Java client calling SOAP web service

Even Java Desktop applications can use web services, and in this article, we will take a look at how to make a call to a SOAP web service and receive a response.  For this simple example, we will make use of “The Naked Web Service” which was produced as an earlier article.

Let’s set the scene here.  This example is a simple Java application with no user interface, the output all goes to the console.  The only purpose of this program is to prove that we can consume the web service.

Now we know what we are about let us turn our attention to what our code needs to do.

We will start by opening a Connection to our web service using the URL that points to it.  What we actually want is an HTTP Connection but fortunately, we can cast the URL Connection to an HTTP Connection. 

Once we have the HTTP Connection, we can set various properties for the connection.  These are properties that specify or determine the connection characteristics and are used to negotiate the communication between the client and the service.

When we come to make the call to the web service, we will pass across XML that makes up the SOAP request.  Because this is a simple web service there is no SOAP header so most of the XML is contained within the body of the XML message.  We make a call to the sayHello method and pass two arguments, the name and the age.  That’s it.  Now to make it easy to produce this XML I used the software tool SOAPUI to generate the XML and copied and pasted it across.  Take a look at the article “The Naked Web Service” for more information about using SOAPUI with the web service.

The XML used is as follows:

<soapenv:Envelope xmlns:soapenv="http://schemas.xmlsoap.org/soap/envelope/" xmlns:hel="http://helloage.app.web.softwarepulse/">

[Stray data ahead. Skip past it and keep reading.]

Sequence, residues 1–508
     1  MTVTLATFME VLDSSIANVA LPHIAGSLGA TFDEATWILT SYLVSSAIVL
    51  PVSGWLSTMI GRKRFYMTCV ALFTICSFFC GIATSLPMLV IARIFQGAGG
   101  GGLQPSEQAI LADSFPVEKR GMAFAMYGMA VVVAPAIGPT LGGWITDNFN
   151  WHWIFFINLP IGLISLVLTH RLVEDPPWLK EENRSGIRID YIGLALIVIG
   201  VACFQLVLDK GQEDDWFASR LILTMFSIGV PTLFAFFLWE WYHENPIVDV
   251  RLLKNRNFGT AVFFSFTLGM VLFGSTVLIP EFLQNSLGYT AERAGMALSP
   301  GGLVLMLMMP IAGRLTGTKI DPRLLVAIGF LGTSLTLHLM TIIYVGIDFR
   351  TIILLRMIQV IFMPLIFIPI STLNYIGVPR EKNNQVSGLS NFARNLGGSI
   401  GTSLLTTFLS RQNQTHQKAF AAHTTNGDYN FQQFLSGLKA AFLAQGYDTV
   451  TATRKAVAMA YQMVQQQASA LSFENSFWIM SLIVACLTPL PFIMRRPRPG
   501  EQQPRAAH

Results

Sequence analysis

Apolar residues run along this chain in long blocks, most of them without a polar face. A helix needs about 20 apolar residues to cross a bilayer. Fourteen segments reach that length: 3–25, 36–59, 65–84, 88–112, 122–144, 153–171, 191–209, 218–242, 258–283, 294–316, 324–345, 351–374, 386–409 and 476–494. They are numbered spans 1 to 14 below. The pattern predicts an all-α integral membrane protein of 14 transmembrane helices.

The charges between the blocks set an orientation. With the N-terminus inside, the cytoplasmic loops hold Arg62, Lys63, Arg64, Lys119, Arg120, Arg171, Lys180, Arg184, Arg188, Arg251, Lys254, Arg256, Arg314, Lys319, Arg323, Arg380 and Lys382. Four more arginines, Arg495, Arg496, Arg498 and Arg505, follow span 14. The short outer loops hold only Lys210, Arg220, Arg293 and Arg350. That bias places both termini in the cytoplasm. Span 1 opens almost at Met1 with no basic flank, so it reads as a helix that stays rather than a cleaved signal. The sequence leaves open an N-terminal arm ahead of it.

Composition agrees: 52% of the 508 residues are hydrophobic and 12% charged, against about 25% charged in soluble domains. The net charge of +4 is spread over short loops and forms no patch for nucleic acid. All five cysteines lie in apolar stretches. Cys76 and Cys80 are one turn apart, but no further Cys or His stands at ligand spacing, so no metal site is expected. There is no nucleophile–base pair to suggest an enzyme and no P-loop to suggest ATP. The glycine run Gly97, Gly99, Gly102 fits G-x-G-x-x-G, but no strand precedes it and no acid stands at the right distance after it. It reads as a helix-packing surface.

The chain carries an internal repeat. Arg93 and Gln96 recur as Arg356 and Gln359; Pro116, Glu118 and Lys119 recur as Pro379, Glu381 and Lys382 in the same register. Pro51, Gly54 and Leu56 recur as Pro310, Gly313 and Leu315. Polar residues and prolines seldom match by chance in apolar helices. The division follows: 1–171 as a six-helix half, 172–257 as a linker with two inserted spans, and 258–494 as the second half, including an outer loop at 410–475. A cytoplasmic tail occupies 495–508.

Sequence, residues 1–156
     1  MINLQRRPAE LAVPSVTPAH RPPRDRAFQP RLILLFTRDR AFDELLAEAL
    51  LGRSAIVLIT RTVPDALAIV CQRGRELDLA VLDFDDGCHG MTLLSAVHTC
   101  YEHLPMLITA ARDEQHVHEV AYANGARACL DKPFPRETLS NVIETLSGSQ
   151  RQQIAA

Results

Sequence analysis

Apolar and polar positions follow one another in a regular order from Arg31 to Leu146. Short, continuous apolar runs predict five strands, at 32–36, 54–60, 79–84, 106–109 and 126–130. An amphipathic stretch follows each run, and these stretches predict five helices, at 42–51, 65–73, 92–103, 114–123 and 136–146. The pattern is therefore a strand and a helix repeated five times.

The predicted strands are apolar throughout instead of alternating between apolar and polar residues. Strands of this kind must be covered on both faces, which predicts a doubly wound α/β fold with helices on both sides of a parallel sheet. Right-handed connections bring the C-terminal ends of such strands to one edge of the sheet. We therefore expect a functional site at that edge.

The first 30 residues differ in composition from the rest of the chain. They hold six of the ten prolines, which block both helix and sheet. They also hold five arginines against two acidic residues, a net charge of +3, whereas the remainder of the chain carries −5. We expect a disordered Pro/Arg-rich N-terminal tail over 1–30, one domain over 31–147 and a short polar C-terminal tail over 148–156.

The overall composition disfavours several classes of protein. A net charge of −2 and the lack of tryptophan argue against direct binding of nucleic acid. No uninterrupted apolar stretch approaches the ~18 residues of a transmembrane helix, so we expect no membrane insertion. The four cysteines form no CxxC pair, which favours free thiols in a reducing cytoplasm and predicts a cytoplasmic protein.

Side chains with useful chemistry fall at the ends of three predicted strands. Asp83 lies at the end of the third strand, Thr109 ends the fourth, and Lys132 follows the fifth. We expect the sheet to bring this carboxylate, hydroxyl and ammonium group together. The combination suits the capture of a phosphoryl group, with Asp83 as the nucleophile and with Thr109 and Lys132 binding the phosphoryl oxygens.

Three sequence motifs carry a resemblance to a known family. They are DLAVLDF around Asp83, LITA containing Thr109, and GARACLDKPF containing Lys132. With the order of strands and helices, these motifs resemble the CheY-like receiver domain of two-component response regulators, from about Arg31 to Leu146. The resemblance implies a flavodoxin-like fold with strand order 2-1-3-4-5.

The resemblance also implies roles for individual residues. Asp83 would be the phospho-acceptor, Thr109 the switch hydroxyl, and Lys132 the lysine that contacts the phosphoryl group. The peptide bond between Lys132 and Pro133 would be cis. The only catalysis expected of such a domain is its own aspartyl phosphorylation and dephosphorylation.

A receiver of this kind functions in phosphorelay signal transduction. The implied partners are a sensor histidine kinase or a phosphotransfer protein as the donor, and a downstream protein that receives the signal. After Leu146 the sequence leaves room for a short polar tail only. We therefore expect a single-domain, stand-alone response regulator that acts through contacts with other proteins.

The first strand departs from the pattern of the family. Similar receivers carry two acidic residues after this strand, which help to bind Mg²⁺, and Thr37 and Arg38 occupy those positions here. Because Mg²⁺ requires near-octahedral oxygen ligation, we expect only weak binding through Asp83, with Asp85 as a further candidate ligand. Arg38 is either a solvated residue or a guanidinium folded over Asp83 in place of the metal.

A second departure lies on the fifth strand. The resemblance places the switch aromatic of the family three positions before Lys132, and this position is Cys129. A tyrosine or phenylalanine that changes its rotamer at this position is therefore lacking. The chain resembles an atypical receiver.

<soapenv:Header/>
   <soapenv:Body>
      <hel:sayhello>
         <!--Optional:-->
         <arg0>?</arg0>
         <arg1>?</arg1>
      </hel:sayhello>
   </soapenv:Body>
</soapenv:Envelope>

With the XML all sorted let’s take a look at the connection properties we need to set before making the web service call.

For this example, we will set the length of the request sent to the service in bytes.  This is the number of bytes required to send the XML message as listed in the previous section.

The content type is set and the SOAP action which in this example there is no SOAP action.  The request method is POST and we will be sending information as well as receiving information from the server.

Once that is all set, we can get the output stream from the HTTP Connection, write our XML into the stream and then close the stream.

To get the response from the service we create a new Input Stream Reader from the response to the call to Get Input Stream method of the HTTP Connection.  We then read each line of the response and put that into a String.  Now the resultant response from the service is a series of XML.

<S:Envelope xmlns:S="http://schemas.xmlsoap.org/soap/envelope/">
   <S:Body>
      <ns2:sayhelloResponse xmlns:ns2="http://helloage.app.web.softwarepulse/">
         <return>Hello ?, I understand you are 0 years old.</return>
      </ns2:sayhelloResponse>
   </S:Body>
</S:Envelope>

The XML displayed here is indented but what we receive from the server has the XML all on a single line. 

In order to read specific items of data from the XML message, we can parse the XML (see method parseXML(String)).  To do this we create a Document Builder and input the XML source as an Input Source.  When we call the parse method of the Document Builder we get a Document in return.  This Document is a Document Object Model as used with HTML and XML.  It is made up of a series of Nodes representing a part of the XML message.

Once we have the Document, we get a list of the Nodes with the Tag Name that we are interested in.  For our Web Service, there is only a single node that contains data and only a single instance of this node.  So, we look for the Tag Name “ns2:sayhelloResponse” and this gives us a list of one item. 

We then access the Get Text Content method call for the Node and this provides us with the text response from the web service.